While news coverage about the U.S. worker shortage has focused on restaurants and other businesses, there's another impacted area: substitute teachers.
Matthew Bradburn, executive director of human resources for Oak Ridge Schools, told The Oak Ridger the school system has been "on par with previous years" in filling other positions, but has struggled in finding substitute teachers.
"Substitute teachers have always been difficult to come by, and the pandemic and other factors in the labor market during the past 18 months has increased that difficulty," he said.
He said the COVID-19 pandemic, retirement of some potential applicants, and competition from other jobs have all played a role.
The school system, he said, is currently partnering with the TN Teacher Job Connect outreach program that is administered through the Tennessee Department of Education and the Tennessee Association of School Personnel Administrators.
"This program connects us with both teachers and substitutes that are actively seeking employment in education throughout the state. It has been a great source for increasing our pool of substitute teachers and for directing applicants to our website. We will continue to pursue any recruiting efforts possible to keep the district as fully staffed as possible," he said.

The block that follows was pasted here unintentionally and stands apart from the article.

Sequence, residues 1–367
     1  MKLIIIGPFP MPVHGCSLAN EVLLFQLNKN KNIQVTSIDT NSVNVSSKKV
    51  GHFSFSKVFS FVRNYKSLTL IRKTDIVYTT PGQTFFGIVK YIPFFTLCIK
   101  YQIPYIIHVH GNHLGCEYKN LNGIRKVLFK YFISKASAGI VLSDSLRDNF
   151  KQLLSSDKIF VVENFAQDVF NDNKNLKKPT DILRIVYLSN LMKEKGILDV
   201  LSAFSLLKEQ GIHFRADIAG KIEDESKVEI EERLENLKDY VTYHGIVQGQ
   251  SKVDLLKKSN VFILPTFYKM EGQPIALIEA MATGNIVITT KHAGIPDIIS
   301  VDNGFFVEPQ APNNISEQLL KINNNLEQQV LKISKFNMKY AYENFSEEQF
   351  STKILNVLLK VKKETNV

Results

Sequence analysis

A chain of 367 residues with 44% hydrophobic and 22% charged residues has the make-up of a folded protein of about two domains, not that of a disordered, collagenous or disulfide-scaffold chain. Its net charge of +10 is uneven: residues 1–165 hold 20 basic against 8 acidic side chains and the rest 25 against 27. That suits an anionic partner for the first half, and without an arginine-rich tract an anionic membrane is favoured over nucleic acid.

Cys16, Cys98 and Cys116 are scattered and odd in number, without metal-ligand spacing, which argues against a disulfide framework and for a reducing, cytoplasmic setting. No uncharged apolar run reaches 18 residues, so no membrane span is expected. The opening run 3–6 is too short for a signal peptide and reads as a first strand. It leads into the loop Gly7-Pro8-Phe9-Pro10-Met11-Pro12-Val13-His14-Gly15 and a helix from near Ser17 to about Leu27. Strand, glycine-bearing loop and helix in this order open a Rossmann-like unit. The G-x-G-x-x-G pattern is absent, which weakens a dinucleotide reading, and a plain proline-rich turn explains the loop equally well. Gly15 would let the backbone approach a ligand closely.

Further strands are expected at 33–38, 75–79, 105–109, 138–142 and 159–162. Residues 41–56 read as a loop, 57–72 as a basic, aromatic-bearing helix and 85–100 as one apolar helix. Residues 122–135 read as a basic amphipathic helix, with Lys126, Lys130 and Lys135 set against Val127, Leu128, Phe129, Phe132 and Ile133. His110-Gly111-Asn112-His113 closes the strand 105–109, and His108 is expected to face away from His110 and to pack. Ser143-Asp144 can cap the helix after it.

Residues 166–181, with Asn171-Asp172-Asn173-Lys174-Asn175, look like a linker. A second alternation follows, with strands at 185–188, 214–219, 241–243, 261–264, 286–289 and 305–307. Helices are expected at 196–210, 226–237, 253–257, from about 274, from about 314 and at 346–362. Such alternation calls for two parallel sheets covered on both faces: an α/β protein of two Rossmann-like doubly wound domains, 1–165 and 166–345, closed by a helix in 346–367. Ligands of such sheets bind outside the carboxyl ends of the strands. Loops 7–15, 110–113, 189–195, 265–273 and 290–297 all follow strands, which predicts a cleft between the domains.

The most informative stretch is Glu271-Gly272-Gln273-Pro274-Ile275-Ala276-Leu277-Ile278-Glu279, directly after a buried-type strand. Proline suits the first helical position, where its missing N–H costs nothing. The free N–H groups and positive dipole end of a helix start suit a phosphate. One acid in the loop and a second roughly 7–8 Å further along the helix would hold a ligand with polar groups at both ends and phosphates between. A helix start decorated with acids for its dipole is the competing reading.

Oak Ridge hasn't been the only city having trouble with a shortage of substitutes. Last year, Clinton High School closed two days in September due to 23 people in its pool of substitute teachers being in quarantine for COVID-19.
Ben Pounds is a staff reporter for The Oak Ridger. Call him at (865) 441-2317, follow him on Twitter @Bpoundsjournal and email him at firstname.lastname@example.org.
This article originally appeared on Oakridger: Dealing with substitute teacher shortage in Oak Ridge